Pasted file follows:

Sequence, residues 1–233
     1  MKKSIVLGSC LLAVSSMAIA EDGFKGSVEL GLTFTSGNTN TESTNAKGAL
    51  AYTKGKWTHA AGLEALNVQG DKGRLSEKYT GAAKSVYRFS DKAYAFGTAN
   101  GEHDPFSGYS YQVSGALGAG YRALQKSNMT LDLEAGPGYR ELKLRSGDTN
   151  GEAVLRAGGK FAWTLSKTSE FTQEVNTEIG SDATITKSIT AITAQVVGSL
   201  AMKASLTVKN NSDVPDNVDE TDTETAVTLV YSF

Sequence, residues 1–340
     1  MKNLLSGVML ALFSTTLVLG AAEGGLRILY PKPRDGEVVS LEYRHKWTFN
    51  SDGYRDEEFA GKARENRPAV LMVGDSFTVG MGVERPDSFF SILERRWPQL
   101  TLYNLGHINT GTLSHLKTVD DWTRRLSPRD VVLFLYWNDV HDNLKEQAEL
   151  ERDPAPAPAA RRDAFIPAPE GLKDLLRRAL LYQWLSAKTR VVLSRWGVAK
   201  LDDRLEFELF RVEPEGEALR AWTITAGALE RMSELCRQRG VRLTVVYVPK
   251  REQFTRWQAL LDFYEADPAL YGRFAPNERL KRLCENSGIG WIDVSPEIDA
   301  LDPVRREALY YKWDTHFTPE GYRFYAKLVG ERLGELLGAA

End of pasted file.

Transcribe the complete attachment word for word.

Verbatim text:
Sequence, residues 1–233
     1  MKKSIVLGSC LLAVSSMAIA EDGFKGSVEL GLTFTSGNTN TESTNAKGAL
    51  AYTKGKWTHA AGLEALNVQG DKGRLSEKYT GAAKSVYRFS DKAYAFGTAN
   101  GEHDPFSGYS YQVSGALGAG YRALQKSNMT LDLEAGPGYR ELKLRSGDTN
   151  GEAVLRAGGK FAWTLSKTSE FTQEVNTEIG SDATITKSIT AITAQVVGSL
   201  AMKASLTVKN NSDVPDNVDE TDTETAVTLV YSF

Sequence, residues 1–340
     1  MKNLLSGVML ALFSTTLVLG AAEGGLRILY PKPRDGEVVS LEYRHKWTFN
    51  SDGYRDEEFA GKARENRPAV LMVGDSFTVG MGVERPDSFF SILERRWPQL
   101  TLYNLGHINT GTLSHLKTVD DWTRRLSPRD VVLFLYWNDV HDNLKEQAEL
   151  ERDPAPAPAA RRDAFIPAPE GLKDLLRRAL LYQWLSAKTR VVLSRWGVAK
   201  LDDRLEFELF RVEPEGEALR AWTITAGALE RMSELCRQRG VRLTVVYVPK
   251  REQFTRWQAL LDFYEADPAL YGRFAPNERL KRLCENSGIG WIDVSPEIDA
   301  LDPVRREALY YKWDTHFTPE GYRFYAKLVG ERLGELLGAA